Confusion is mounting over university admission policies for competitive subjects like medicine and law.
Contradictory messages have been sent out by universities on what happens to bright pupils who sit Standard grades in S3, rather than S4, giving them a two-year run at their Highers in fifth year.
One school in central Scotland was forced this month to reverse its decision to enter some of its most capable pupils for Standard grades in S3, because of fears they could be penalised if they applied for one of the most competitive university courses.
The decision by Frank Lennon, the headteacher of Dunblane High, is the latest manifestation of the unresolved struggle on the part of secondary schools to persuade universities' admissions officers to give equal treatment to pupils who sit Highers over more than one sitting and pupils who have two years to prepare for them.
A number of parents at Dunblane High, which has a strong academic record, have raised concerns that their children could be disadvantaged if applying to sought-after courses with two-year Highers, rather than one.
In one case, the father of an S3 pupil raised the issue with the admissions office for Edinburgh University's law faculty.
He was told: "Highers taken over two years will be given less credit than those taken in the traditional one year format."
Earlier this week, however, following enquiries by TESS, it emerged that this advice was wrong.
"The university takes no account of the length of time an applicant spends studying towards an individual school qualification," said an Edinburgh University spokeswoman.
"For example, if a student takes two years to complete a Higher English course, their result will be valued in the same way as a student who completed the course in one year."
Aberdeen University's admissions service took the same position. But enquiries by TESS to Glasgow, Strathclyde and St Andrews universities revealed that in cases of high competition for scarce places, preference would be given to applicants who completed their Highers over a shorter period of time.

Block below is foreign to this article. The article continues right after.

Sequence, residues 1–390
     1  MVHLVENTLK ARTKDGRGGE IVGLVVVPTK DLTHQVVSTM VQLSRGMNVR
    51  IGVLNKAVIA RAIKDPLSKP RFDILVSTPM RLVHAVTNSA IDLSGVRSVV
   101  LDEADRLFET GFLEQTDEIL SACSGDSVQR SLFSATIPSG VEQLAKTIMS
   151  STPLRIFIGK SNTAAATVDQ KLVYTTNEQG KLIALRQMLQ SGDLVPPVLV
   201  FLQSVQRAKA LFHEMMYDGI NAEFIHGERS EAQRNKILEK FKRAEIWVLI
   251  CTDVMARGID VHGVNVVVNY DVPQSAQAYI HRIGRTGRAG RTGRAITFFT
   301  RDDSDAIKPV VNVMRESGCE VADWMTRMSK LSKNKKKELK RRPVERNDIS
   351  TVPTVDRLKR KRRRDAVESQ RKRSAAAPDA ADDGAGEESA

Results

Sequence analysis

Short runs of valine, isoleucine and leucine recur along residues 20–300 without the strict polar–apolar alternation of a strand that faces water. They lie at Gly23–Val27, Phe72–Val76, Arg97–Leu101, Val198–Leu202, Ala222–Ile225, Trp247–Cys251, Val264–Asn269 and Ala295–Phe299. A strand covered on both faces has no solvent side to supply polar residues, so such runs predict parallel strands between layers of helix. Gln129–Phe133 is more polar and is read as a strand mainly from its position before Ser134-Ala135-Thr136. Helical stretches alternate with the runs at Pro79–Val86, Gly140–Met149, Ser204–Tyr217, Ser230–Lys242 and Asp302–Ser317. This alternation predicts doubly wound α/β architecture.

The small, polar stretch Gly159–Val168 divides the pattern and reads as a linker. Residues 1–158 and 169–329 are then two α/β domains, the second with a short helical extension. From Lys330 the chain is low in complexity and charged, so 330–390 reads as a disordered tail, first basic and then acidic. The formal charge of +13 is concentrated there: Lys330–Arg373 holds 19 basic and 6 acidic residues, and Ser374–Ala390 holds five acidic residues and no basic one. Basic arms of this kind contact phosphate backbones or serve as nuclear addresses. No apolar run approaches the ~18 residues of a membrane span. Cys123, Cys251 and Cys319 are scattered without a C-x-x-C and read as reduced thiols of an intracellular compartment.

Although reluctant to discriminate against those with two-year Highers, the message was that if push came to shove, this was a criterion they would use in selection.
All the universities stressed the importance of applicants gaining the required four or five Highers in a single sitting.
Head Frank Lennon said: "If there is an admissions policy in operation that schools are unaware of, something needs to be done urgently about that."
He has written to S3 parents giving them the chance to opt out of early presentation, because he "just didn't trust" the universities.
Ken Cunningham, general secretary of School Leaders Scotland, said that universities were "upping the ante" in terms of qualifications because of the competition for places.
"It is difficult to see this not continuing to be an issue, unless universities change their tune - that someone taking a Higher in one year has got a facility that would help them through a degree course. They are using that as a marker, as well as the number of Highers gained over the year," he said.
Larry Flanagan, education convener of the EIS, said the issue had been raised at the Curriculum for Excellence management board but had not been resolved.
A spokeswoman for the Scottish Government said it firmly believed flexibility within the curriculum was an advantage as opposed to a disadvantage.
"The flexibility to study for Highers over two years is a feature of the current system and will continue to be an option under Curriculum for Excellence," she said. "We continue to engage with universities on a range of issues relating to Curriculum for Excellence and the new qualifications, including this matter."